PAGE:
By Parisa Esmaili
It is possible to presume thousands of women die each year in the name of preserving a family’s “honor”. Given that honor killings often remain a private family affair, murders go unreported, official documents do not exist, many go unpunished, and in the eyes of some societies, preserving “family honor,” justifies all acts.
According to a petition signed to the U.N. in 2001, the Human Rights Watch defined honor crimes as, “Acts of violence, usually murder, committed by male family members against female family members who are perceived to have brought dishonor upon the family.”
The rise in honor killings since the U.S. invasion in Iraq will be one of the topics discussed by the Organization of Women’s Freedom in Iraq (OWFI) and MADRE in their new tour beginning in April.
A Window of Hope: Standing with Women in Iraq to End Violence is, “Hoping to attract regular people. Our belief is that a lot of people know in their guts the U.S. occupation is wrong and counter productive,” said Yisat Susskind, Communication Director of MADRE. “If people really knew what we were doing, they would agree U.S. military in Iraq is more harmful than it is helpful.”
OWFI fights for women’s human rights against both forces of rising Islamic political powers and the U.S. military occupation. In 2004, OWFI joined with MADRE, an international women’s human rights organization that collaborates with women’s community-based programs focusing on educating women on human rights issues and demanding action. Together, the two coalitions have joined forces in calling an end to military occupation and establishing secular freedom in Iraq.
OWFI Director, Yanar Mohammed and Executive Director, Vivian Stromberg, of MADRE, will be speaking during the tour. The two women will be traveling the East Coast and Midwest, speaking at local colleges, churches, and civic centers. Mohammed is known as one of Iraq’s most outspoken feminist activists.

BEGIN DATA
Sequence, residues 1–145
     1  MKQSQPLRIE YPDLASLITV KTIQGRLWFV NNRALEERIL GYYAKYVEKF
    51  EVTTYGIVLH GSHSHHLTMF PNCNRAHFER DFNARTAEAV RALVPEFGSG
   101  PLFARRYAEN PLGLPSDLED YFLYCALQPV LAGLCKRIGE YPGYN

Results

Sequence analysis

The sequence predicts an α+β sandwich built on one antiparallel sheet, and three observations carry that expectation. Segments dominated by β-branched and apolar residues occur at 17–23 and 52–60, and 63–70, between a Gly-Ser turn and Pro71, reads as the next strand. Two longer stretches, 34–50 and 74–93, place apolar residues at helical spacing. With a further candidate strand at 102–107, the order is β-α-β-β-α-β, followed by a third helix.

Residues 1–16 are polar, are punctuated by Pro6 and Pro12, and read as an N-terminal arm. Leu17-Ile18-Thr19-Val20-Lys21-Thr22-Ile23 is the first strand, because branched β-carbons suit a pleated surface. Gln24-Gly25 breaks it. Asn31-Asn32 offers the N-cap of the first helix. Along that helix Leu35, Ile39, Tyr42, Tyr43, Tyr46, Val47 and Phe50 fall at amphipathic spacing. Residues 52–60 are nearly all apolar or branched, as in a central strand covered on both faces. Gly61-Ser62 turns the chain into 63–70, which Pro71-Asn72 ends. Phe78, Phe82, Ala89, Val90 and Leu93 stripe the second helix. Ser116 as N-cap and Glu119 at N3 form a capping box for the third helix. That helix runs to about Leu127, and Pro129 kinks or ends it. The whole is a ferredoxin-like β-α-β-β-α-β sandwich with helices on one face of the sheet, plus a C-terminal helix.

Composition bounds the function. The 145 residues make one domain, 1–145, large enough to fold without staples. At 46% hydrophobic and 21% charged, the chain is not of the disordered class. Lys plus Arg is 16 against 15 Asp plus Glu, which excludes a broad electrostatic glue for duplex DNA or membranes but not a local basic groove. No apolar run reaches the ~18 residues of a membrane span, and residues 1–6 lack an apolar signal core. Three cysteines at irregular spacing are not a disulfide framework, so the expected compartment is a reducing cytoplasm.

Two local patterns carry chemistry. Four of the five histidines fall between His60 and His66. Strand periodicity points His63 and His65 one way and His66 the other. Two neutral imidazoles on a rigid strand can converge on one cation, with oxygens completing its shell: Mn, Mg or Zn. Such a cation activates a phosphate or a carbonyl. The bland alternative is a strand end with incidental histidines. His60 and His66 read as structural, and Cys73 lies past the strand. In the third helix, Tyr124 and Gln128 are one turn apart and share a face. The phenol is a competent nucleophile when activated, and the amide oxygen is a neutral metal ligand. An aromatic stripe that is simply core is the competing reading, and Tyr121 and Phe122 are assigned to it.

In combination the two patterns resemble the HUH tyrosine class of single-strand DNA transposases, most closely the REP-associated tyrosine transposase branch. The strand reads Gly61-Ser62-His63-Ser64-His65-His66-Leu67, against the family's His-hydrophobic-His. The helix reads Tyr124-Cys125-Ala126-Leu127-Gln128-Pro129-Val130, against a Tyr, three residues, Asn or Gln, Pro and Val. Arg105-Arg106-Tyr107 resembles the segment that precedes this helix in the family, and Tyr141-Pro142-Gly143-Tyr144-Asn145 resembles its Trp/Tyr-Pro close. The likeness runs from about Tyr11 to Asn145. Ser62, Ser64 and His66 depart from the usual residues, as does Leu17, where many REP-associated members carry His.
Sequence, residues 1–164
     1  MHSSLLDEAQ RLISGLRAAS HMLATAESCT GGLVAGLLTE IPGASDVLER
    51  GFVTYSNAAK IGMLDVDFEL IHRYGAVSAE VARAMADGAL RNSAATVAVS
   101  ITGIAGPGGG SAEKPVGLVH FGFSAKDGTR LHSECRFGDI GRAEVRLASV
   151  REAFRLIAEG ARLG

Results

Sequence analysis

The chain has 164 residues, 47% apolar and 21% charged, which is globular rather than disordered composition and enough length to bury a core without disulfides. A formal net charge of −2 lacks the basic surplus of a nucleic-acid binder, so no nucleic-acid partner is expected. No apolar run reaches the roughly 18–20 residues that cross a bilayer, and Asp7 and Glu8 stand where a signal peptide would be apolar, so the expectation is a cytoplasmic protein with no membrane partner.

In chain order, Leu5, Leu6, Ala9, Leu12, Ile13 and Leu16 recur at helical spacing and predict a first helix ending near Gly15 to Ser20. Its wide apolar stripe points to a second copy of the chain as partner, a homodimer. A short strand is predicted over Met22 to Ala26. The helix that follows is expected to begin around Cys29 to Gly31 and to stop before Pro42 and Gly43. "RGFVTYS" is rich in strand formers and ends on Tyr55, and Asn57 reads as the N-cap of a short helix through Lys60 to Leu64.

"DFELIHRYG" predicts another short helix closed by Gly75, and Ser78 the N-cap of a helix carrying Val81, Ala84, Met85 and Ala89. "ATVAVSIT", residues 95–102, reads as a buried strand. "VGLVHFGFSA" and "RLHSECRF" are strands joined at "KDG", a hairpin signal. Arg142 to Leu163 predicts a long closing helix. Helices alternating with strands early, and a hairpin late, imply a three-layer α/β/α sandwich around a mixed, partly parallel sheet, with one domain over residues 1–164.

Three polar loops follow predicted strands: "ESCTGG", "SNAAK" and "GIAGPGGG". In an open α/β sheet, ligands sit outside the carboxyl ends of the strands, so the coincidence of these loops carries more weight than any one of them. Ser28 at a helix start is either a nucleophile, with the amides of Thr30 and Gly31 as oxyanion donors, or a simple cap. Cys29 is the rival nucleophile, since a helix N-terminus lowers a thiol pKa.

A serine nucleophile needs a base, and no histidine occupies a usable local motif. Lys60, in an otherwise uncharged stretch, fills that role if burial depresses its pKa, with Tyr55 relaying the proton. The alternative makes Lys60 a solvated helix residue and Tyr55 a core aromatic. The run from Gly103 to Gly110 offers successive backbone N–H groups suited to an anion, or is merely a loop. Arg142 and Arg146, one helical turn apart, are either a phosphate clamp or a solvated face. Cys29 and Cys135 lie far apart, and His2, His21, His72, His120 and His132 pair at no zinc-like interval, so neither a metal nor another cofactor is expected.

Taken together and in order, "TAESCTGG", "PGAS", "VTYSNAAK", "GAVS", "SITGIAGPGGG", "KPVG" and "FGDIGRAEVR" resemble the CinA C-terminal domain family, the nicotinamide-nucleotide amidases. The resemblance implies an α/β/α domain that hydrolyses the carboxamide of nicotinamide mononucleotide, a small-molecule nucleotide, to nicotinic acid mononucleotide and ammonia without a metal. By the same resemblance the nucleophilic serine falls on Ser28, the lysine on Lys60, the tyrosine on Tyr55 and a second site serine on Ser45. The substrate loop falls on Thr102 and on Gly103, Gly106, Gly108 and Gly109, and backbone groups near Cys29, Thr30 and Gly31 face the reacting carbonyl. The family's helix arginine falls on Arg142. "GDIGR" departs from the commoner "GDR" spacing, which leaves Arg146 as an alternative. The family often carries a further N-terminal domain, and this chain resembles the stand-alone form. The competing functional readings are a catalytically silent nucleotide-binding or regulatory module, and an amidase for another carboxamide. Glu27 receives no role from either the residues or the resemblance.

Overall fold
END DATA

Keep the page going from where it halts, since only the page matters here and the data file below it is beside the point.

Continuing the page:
The goal of A Window of Hope is to creating awareness of gender-based violence in Iraq, Susskind said. According to OWFI, rape and abductions have risen sharply since the invasion, making many women afraid to leave their homes. Women are literally hunted down for their lives in order to restore the family’s “honor,” Susskind said. Flirting, the desire to choose a husband, divorce, going against a male’s wishes, or even failing to bring a meal on time, may be seen as defying family honor. Those who have been arrested, kidnapped, or raped are also often blamed for tarnishing the family’s name; therefore honor killing can be seen as justifiable.
“Honor killings predate Islam and Christianity, but many people don’t know that, Susskind said. “People believe violence for women is assumed in Islam, and that is simply untrue.”
Since 2003, the U.S. has backed right winged political conservatives in governing Iraq, who do support honor killings. “In Iraq, before the U.S., women lived under the Personal Status Law and enjoyed their growing rights. Citizens say they hated Saddam but the U.S. is much worse,” Susskind continued.
OWFI estimates that militias in Baghdad and its surrounding neighbors execute no less than 30 women monthly, and yet most American’s never seem to hear about this news. Susskind believes the media does not primarily cover this area because of racism that still underlies this country; racism against Islam. “There is so much hostility between the different worlds, especially after 9/11.”
The tour will address issues, including the Underground Railroad for Iraqi Women, women shelters located throughout Iraq to help relocate women escaping “honor killings.”